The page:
Centroids of Triangles
First, the question that begs to be asked, what is a centroid? A centroid of the circle is defined as the intersection of all three medians of a triangle.
What would happen if we used an obtuse triangle rather than an acute triangle?
You may notice that the centroid is still in approximately the same location- the middle. Furthermore, the centroid is still inside the triangle. We can also predict that the centroid will remain inside the triangle for an equilateral triangle.
Equilateral triangles are of special interest because the centroid is in the same place as all of the other types of centers: the orthocenter, the circumcenter, and the incenter.
We can also easily show that the centroid divides each median into a ratio of 2:1 with an equilateral triangle.
We can also see the medians divide the equilateral triangle into three congruent triangles.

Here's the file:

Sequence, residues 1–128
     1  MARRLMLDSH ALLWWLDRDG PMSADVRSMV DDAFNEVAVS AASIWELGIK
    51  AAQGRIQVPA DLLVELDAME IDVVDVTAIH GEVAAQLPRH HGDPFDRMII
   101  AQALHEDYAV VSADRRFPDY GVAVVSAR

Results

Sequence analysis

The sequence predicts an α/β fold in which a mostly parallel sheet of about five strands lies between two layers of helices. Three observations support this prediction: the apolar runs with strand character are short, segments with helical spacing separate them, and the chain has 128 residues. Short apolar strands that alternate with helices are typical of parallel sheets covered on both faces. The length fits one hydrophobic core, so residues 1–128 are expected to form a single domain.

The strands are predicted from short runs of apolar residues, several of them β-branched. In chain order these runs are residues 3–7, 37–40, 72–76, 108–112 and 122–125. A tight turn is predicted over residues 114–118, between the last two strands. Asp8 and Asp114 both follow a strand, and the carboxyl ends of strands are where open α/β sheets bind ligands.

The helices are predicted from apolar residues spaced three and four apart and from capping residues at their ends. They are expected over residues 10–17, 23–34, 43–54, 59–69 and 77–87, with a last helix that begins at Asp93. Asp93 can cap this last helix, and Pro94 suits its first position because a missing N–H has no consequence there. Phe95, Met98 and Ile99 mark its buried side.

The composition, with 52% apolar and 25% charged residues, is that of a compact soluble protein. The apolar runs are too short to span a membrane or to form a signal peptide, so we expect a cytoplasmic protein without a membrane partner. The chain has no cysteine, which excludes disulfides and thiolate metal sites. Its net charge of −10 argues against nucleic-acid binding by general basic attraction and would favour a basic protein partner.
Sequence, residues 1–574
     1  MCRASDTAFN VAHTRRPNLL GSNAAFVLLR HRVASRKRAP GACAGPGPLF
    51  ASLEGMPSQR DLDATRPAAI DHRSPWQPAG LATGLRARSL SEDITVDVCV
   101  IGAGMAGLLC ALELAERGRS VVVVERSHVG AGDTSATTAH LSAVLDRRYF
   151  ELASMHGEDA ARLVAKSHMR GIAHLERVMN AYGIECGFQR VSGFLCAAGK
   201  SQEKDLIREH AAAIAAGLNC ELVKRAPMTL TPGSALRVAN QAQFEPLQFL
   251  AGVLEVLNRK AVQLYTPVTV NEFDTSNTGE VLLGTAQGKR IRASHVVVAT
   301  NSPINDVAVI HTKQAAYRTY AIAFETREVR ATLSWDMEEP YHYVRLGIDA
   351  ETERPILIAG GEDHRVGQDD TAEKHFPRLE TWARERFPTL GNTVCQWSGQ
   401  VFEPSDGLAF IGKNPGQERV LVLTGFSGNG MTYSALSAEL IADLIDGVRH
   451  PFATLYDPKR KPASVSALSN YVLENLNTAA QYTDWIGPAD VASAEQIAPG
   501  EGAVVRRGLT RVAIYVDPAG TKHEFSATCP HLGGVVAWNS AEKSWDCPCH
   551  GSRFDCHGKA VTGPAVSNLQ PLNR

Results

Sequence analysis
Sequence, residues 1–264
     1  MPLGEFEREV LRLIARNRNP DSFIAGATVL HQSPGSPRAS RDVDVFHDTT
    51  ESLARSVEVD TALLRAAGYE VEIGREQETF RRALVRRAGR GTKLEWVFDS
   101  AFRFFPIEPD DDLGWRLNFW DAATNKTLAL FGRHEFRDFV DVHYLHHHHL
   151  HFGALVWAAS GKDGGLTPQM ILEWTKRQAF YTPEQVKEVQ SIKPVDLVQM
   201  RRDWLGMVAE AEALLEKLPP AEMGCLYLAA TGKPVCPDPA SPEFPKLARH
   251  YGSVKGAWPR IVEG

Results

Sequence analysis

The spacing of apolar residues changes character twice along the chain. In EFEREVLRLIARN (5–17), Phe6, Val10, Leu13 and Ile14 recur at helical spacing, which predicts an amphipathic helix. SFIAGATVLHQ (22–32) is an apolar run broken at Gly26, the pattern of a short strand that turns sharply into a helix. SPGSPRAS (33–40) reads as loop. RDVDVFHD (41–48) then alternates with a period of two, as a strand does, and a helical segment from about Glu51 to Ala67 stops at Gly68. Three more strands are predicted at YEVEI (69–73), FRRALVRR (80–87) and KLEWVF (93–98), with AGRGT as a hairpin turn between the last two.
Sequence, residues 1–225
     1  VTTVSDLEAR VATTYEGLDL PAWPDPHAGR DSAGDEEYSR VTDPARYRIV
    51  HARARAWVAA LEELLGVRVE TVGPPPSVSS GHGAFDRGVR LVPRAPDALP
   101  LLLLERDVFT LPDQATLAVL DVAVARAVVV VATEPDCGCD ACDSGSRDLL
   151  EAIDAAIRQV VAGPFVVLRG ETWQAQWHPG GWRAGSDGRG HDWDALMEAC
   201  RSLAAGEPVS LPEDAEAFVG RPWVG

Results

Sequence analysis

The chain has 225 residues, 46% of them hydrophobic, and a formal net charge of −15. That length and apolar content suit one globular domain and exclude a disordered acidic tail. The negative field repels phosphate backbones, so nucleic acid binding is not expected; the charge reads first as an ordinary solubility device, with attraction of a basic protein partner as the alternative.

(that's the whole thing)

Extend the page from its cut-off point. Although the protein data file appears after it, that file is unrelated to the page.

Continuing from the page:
More specifically, the apothem bisects the triangle into three 30-60-90 triangles. As we know,
Based on these congruent triangles, we know the length of BD is also 2. Now, we have our ratio of 2:1.
Perhaps we should also consider isosceles triangles.
The centroid again remains within the boundary of the sides of the triangle.
Why are centroids important? Centroids are most useful for studying centers of gravity and moments of inertia in physics and engineering. So, it seems logical that the centroid should remain within the triangle; only irregular shapes with extended sides have centers of gravity on the exterior.